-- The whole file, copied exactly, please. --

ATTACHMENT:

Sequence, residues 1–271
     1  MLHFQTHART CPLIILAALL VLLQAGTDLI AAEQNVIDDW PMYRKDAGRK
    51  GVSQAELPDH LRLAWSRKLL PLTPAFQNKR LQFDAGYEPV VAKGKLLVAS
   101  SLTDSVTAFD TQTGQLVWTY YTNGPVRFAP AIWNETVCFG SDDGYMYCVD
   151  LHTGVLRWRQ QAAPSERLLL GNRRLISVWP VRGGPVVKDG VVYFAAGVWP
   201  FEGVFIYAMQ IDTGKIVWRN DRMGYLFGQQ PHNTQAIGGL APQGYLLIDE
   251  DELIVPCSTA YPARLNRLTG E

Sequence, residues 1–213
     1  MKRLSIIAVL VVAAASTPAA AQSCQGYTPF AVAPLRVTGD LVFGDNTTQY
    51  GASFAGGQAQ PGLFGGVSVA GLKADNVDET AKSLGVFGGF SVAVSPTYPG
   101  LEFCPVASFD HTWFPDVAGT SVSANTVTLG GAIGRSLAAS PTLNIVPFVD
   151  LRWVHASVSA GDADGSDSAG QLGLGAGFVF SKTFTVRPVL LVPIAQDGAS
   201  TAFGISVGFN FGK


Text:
Sequence, residues 1–271
     1  MLHFQTHART CPLIILAALL VLLQAGTDLI AAEQNVIDDW PMYRKDAGRK
    51  GVSQAELPDH LRLAWSRKLL PLTPAFQNKR LQFDAGYEPV VAKGKLLVAS
   101  SLTDSVTAFD TQTGQLVWTY YTNGPVRFAP AIWNETVCFG SDDGYMYCVD
   151  LHTGVLRWRQ QAAPSERLLL GNRRLISVWP VRGGPVVKDG VVYFAAGVWP
   201  FEGVFIYAMQ IDTGKIVWRN DRMGYLFGQQ PHNTQAIGGL APQGYLLIDE
   251  DELIVPCSTA YPARLNRLTG E

Sequence, residues 1–213
     1  MKRLSIIAVL VVAAASTPAA AQSCQGYTPF AVAPLRVTGD LVFGDNTTQY
    51  GASFAGGQAQ PGLFGGVSVA GLKADNVDET AKSLGVFGGF SVAVSPTYPG
   101  LEFCPVASFD HTWFPDVAGT SVSANTVTLG GAIGRSLAAS PTLNIVPFVD
   151  LRWVHASVSA GDADGSDSAG QLGLGAGFVF SKTFTVRPVL LVPIAQDGAS
   201  TAFGISVGFN FGK